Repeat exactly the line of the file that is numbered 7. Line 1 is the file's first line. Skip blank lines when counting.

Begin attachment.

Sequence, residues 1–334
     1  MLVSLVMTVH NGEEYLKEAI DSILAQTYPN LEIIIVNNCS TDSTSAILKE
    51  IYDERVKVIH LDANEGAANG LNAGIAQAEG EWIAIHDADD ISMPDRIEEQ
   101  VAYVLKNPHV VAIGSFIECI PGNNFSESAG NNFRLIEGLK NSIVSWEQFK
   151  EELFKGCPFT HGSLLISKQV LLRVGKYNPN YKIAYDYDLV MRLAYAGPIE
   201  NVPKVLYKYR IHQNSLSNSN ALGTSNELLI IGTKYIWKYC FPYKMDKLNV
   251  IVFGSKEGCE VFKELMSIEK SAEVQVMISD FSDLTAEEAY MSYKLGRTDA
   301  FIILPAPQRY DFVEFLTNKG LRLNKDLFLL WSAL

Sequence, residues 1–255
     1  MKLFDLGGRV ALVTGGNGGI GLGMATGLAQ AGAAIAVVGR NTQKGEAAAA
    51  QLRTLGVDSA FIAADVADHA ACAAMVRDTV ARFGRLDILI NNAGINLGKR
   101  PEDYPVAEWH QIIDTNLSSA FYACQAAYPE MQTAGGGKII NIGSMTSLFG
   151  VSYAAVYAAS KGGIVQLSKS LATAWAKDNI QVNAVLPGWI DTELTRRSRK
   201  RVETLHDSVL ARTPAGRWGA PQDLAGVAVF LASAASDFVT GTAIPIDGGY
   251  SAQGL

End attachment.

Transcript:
   251  IVFGSKEGCE VFKELMSIEK SAEVQVMISD FSDLTAEEAY MSYKLGRTDA